I find it shocking how readily we all seem to be accepting the European Central Bank’s inaction on euro-zone economic weakness. Some perspective is in order. Real euro-area output is at roughly the level of the end of 2006 and it is declining. The euro-area economy hasn’t grown since the third quarter of 2011. Total employment is below the level first attained in the second quarter of 2006 and it is declining. The unemployment rate is of course at a record high 11.8%. And inflation—both core and headline—was virtually nil in the second half of 2012.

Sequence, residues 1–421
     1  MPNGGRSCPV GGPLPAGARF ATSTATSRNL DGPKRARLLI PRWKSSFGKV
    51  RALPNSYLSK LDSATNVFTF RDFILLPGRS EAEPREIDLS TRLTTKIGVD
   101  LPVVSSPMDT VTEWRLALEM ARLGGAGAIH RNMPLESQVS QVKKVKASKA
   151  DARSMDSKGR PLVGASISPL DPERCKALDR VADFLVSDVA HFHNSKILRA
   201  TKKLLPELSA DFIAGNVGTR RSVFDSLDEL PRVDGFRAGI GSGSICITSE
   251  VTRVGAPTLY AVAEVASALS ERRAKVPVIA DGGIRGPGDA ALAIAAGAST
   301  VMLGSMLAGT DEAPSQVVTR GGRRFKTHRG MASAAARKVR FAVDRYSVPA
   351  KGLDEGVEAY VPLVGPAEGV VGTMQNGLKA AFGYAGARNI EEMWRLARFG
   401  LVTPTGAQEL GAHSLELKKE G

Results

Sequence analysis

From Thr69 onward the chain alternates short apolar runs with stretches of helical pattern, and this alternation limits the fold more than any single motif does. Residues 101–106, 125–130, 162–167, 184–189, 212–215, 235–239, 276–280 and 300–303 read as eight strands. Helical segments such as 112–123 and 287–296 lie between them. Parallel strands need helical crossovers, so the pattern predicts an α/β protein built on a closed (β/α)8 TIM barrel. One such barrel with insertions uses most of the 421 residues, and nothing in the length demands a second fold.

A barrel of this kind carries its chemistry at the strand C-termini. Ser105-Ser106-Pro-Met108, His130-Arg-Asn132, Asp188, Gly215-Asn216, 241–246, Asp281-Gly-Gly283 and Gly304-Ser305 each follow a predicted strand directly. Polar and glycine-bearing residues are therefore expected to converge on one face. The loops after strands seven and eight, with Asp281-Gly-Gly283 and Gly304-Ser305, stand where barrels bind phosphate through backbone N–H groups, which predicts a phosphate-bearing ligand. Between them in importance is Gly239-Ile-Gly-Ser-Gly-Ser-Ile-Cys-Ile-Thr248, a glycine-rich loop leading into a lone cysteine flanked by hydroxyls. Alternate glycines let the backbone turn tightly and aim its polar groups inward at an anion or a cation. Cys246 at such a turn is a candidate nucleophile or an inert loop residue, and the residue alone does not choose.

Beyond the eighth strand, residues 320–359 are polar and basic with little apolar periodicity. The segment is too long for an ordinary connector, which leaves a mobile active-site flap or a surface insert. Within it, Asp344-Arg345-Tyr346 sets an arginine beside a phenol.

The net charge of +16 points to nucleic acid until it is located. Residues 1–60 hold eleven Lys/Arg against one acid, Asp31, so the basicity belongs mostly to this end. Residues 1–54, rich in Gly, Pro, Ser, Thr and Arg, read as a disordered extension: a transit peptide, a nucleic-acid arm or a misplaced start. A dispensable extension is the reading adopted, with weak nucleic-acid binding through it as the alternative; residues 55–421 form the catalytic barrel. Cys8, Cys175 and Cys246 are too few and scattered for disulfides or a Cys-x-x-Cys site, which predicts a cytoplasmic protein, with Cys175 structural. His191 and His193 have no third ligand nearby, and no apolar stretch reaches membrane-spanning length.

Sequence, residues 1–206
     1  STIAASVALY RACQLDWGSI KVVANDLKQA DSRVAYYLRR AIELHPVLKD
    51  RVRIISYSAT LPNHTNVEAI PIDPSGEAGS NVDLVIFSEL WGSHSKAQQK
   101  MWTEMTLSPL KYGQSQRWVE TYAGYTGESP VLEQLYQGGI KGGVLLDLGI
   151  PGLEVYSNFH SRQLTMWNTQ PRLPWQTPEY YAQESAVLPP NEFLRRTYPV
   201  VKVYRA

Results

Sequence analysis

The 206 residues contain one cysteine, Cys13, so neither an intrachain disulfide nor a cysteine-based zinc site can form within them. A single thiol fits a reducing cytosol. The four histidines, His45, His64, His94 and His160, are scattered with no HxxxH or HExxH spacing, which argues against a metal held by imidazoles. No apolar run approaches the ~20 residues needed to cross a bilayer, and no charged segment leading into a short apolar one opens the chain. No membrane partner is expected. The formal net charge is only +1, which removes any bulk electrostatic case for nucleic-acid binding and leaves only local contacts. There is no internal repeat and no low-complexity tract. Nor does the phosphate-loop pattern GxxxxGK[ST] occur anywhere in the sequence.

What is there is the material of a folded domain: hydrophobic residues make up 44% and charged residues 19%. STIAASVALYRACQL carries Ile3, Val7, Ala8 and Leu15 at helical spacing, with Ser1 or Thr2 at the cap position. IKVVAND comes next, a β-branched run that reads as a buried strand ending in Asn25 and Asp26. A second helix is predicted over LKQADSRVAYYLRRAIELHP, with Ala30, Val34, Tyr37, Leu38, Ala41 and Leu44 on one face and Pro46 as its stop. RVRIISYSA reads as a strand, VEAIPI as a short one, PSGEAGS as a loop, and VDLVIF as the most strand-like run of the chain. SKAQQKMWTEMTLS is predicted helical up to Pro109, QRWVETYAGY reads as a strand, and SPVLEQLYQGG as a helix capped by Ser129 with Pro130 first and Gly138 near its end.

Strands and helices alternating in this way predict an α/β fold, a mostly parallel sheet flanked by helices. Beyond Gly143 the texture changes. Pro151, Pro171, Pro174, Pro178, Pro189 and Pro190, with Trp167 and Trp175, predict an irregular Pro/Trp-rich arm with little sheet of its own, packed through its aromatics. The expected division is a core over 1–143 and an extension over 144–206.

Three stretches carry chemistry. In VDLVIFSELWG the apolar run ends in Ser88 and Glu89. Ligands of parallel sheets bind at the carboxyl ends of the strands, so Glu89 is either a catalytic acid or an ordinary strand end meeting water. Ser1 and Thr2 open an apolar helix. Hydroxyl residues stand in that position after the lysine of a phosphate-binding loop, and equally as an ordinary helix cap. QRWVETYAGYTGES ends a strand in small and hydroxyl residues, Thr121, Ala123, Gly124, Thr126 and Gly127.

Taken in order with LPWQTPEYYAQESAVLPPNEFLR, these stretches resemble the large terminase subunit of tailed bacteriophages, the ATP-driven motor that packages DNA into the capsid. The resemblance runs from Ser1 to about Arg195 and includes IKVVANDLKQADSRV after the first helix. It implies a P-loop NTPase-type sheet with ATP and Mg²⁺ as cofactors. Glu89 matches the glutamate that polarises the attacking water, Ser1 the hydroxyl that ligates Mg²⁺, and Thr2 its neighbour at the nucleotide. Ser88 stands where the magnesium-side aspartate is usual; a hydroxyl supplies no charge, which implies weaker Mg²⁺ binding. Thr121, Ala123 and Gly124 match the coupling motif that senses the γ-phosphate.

I would stress that it is even worse than Ryan is suggesting. Countries such as Greece, Portugal, and Spain have consumed remarkable amounts of political capital. Britain is considering leaving the EU. Credit channels are still either in tatters or on life support, relying on ECB guarantees. More countries are seeing zero or negative growth. Eurogeddon is here, as a variety of countries have situations worse, in relative terms, than the Great Depression of the 1930s. It seems the bailout funds, especially the ESM, have given up on the notion of detaching sovereign and bank liabilities from each other. The so-called banking union is at best a common supervisor rather than real risk-sharing for deposit liabilities. The fact that we don’t have daily bond market crises, filling up my Twitter feed, is certainly welcome but constitutes a remarkable lowering of the bar for what success means. Just how would one, these days, articulate why the eurozone should be considered a success and worth preserving going forward? Is this case no better than the (possibly correct) claim that dissolution would bring economic anarchy? In my rather (currently) unfashionable view, the eurozone crisis is still getting worse, not better.